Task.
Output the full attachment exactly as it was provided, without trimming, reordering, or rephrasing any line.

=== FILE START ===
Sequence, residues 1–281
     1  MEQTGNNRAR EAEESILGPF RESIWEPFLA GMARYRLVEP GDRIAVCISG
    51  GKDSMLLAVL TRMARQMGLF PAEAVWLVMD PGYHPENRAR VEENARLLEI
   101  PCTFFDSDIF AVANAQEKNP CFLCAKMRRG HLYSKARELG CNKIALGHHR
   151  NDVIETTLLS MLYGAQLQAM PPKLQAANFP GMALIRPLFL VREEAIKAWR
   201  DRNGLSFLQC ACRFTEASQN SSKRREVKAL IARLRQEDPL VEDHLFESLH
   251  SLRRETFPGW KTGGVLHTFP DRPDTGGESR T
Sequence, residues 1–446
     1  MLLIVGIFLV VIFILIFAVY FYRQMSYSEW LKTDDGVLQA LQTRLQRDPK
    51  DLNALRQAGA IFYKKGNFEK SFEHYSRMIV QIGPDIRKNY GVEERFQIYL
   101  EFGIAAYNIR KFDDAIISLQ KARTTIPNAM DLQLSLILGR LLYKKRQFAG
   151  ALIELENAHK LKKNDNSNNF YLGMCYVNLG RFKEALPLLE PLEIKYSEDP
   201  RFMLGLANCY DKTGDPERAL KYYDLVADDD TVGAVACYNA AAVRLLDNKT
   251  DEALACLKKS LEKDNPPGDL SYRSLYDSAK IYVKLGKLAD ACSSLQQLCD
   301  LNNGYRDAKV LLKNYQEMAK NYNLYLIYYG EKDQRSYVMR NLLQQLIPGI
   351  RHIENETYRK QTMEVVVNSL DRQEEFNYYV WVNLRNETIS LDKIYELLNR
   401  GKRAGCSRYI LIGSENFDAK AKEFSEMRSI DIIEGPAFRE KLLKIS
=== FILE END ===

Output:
Sequence, residues 1–281
     1  MEQTGNNRAR EAEESILGPF RESIWEPFLA GMARYRLVEP GDRIAVCISG
    51  GKDSMLLAVL TRMARQMGLF PAEAVWLVMD PGYHPENRAR VEENARLLEI
   101  PCTFFDSDIF AVANAQEKNP CFLCAKMRRG HLYSKARELG CNKIALGHHR
   151  NDVIETTLLS MLYGAQLQAM PPKLQAANFP GMALIRPLFL VREEAIKAWR
   201  DRNGLSFLQC ACRFTEASQN SSKRREVKAL IARLRQEDPL VEDHLFESLH
   251  SLRRETFPGW KTGGVLHTFP DRPDTGGESR T
Sequence, residues 1–446
     1  MLLIVGIFLV VIFILIFAVY FYRQMSYSEW LKTDDGVLQA LQTRLQRDPK
    51  DLNALRQAGA IFYKKGNFEK SFEHYSRMIV QIGPDIRKNY GVEERFQIYL
   101  EFGIAAYNIR KFDDAIISLQ KARTTIPNAM DLQLSLILGR LLYKKRQFAG
   151  ALIELENAHK LKKNDNSNNF YLGMCYVNLG RFKEALPLLE PLEIKYSEDP
   201  RFMLGLANCY DKTGDPERAL KYYDLVADDD TVGAVACYNA AAVRLLDNKT
   251  DEALACLKKS LEKDNPPGDL SYRSLYDSAK IYVKLGKLAD ACSSLQQLCD
   301  LNNGYRDAKV LLKNYQEMAK NYNLYLIYYG EKDQRSYVMR NLLQQLIPGI
   351  RHIENETYRK QTMEVVVNSL DRQEEFNYYV WVNLRNETIS LDKIYELLNR
   401  GKRAGCSRYI LIGSENFDAK AKEFSEMRSI DIIEGPAFRE KLLKIS